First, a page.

On October 11, 2016 deputy secretary of state Kathleen Kavalec (why was the State Department interviewing Steele?) interviewed Steele and noted that Steele told her his research had an Election Day deadline and that suggests a political motivation. Kavalec specifically wrote: “[Steele’s client] is keen to see this information come to light prior to November 8.” The political aspect and apparent need to get something before November 8 is further bolstered by the Strozk-Page texts which show urgency in getting the FISA warrant on Page which would bolster the Kavalec notes.
Perhaps this institutional reliance on and respect of Steele clouded the so-called investigation of links between the Trump campaign and Russia, but that cloud was political bias. Instead, someone made a conscious decision to rely upon a series of memos that were multiple layers of hearsay. If that is how the FBI and DOJ work, then there are serious institutional problems that go far beyond their reliance on an uncorroborated series of memos. When revelations indicated some of Steele’s sources were suspect, the FBI later admitted that at least two of the Carter Page FISA warrant renewals were unjustified. One could say the original warrant was unjustified.
Steele and Simpson have been reluctant to name any of the sources publicly although journalist sleuths have identified and named some. Those layers of hearsay in the memos come from a primary source who allegedly had this network of resources. One name mentioned publicly by Steele and Simpson is Sergei Millian. He is actually an American citizen born in Belarus who apparently entered the real estate market and did good for himself.
Simpson told the DOJ that Millian was a Russian spy. His proof? Millian changed his name when he came to the US (his name is really Siarhei Kakuts). Millian was a Trump supporter from day one and made a small $500 donation to his campaign. Apparently, he wanted to join the campaign which is likely why he reached out to George Papadopolous and the reason they stayed in contact. He dropped the idea of joining the campaign when he found out that the arrangement with Papadopolous and the campaign was informal and that Papadopoulos was “unpaid.”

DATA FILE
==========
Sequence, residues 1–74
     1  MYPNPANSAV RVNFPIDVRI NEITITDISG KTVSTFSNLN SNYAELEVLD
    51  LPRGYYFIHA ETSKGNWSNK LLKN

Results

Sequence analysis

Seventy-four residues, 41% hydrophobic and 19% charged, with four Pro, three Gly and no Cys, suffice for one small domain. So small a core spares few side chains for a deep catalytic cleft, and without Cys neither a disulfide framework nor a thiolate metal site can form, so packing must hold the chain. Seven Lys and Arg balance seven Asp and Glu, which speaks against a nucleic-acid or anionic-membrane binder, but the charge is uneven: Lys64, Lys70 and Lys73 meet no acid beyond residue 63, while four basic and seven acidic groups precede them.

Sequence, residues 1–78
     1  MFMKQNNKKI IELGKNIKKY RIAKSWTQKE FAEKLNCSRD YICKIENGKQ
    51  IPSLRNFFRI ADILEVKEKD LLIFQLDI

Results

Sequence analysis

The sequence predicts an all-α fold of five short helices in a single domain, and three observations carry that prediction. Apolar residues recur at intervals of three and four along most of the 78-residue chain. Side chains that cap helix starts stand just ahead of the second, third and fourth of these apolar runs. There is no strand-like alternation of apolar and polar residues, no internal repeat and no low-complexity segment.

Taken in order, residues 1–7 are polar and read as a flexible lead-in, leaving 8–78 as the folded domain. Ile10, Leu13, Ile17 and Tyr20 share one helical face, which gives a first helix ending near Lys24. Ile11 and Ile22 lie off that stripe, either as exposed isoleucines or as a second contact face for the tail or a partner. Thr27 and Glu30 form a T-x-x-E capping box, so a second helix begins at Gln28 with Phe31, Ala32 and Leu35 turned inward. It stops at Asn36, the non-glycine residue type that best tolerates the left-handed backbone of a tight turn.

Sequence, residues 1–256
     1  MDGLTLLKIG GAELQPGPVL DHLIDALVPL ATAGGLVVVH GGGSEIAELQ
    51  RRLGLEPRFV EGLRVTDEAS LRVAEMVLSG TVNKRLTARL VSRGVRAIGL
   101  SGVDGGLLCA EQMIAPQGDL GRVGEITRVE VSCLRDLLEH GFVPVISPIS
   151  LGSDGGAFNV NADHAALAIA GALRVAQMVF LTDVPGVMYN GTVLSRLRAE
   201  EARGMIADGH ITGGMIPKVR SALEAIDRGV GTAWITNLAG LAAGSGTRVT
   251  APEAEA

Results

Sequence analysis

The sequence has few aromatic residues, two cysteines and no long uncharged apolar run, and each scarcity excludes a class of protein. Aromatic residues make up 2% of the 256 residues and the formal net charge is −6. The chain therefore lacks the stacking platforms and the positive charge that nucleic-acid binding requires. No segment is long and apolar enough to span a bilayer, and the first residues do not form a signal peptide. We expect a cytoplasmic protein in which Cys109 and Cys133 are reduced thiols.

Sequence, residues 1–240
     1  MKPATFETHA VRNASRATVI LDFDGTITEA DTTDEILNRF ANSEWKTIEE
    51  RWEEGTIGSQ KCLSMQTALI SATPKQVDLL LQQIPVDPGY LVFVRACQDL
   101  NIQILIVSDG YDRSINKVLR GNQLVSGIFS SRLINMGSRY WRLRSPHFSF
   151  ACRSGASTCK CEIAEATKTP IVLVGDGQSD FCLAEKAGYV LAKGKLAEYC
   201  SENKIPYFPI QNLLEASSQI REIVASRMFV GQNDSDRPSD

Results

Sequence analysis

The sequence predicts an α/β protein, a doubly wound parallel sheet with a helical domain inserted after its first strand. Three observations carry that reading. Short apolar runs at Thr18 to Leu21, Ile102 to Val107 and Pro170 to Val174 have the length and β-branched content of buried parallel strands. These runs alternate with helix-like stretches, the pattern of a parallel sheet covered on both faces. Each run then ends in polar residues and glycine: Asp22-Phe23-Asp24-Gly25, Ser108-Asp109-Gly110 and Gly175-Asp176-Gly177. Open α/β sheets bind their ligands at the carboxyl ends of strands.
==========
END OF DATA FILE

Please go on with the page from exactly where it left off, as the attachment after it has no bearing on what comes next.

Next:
Steele said Millian was the source for four of the memos including the most salacious and the ones about a vast conspiracy with the Trump campaign and Russia. Simpson told Bruce Ohr that Millian was “central in connecting Trump to Russia.” But when the FBI actually interviewed Millian, he told a different story- that the allegations came from a different source.
One of the memos was based upon an anonymous phone call who Steele surmised was Millian because the voice sounded like his from a YouTube video (WTF?). Also, the source of the allegations against Trump came from someone who managed and organized Trump’s trip to Moscow in 2013. Millian had nothing to do with that. Steele told the FBI that Millian was both Source D and Source E in the memos, but at some junctures one is confirming the reports of the other. Was Millian confirming himself? Steele later characterized Millian as an egotist who often boasted. If so, then why use him as your primary source? And how Steele came to that conclusion is confusing since the two never met.
Millian is also the alleged source about the backchannel communication with Alfa bank and the Trump campaign. Steele testified he first learned of this alleged plot in late July 2016 and the source was Michael Sussman, a lawyer at Perkins Coie and one directly related to Hillary Clinton and her campaign.
In October 2016, the FBI circulated a memo stating that “Person 1,” Millian, had extensive contacts with Russian intelligence operatives. Those extensive contacts were the fact that in 2011 Millian was one of a group of 50 people who participated in a Moscow forum organized by the Russian Cultural Center in DC. Millian put a face to the baseless allegations in the memos.
Given all the conflicts in the reports, the most likely explanation is that the memos are part truth, part confabulation, part personal analysis, and part Steele’s imagination. It does not say much for the FBI in general, and Comey in particular, that they fell for what must ultimately be described as partially a political hit piece and partly Russian disinformation. In that case, we finally arrive at no other conclusion: Putin and the Kremlin ultimately have their “haha..because we can do it” moment.
Putin sends a big “Thank You” to Adam Schiff, Jerrold Nadler and others for doing his work. Who really are the “puppets of Putin?”
Next: The big “bombshell-” the Trump Tower meeting